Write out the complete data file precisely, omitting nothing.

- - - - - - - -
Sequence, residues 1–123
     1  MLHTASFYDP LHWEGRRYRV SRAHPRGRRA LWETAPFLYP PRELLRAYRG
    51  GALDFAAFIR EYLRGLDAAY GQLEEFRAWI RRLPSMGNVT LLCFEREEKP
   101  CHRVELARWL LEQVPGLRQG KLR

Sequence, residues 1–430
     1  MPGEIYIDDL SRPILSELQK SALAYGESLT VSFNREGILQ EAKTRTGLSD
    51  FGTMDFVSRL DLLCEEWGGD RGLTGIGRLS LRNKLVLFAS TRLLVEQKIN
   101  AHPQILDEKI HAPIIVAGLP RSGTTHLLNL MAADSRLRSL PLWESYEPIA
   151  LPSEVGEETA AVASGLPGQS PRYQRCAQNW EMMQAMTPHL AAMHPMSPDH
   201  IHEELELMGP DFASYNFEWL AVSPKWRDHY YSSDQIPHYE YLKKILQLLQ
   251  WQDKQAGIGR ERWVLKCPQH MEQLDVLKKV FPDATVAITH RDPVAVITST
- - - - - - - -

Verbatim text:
Sequence, residues 1–123
     1  MLHTASFYDP LHWEGRRYRV SRAHPRGRRA LWETAPFLYP PRELLRAYRG
    51  GALDFAAFIR EYLRGLDAAY GQLEEFRAWI RRLPSMGNVT LLCFEREEKP
   101  CHRVELARWL LEQVPGLRQG KLR

Sequence, residues 1–430
     1  MPGEIYIDDL SRPILSELQK SALAYGESLT VSFNREGILQ EAKTRTGLSD
    51  FGTMDFVSRL DLLCEEWGGD RGLTGIGRLS LRNKLVLFAS TRLLVEQKIN
   101  AHPQILDEKI HAPIIVAGLP RSGTTHLLNL MAADSRLRSL PLWESYEPIA
   151  LPSEVGEETA AVASGLPGQS PRYQRCAQNW EMMQAMTPHL AAMHPMSPDH
   201  IHEELELMGP DFASYNFEWL AVSPKWRDHY YSSDQIPHYE YLKKILQLLQ
   251  WQDKQAGIGR ERWVLKCPQH MEQLDVLKKV FPDATVAITH RDPVAVITST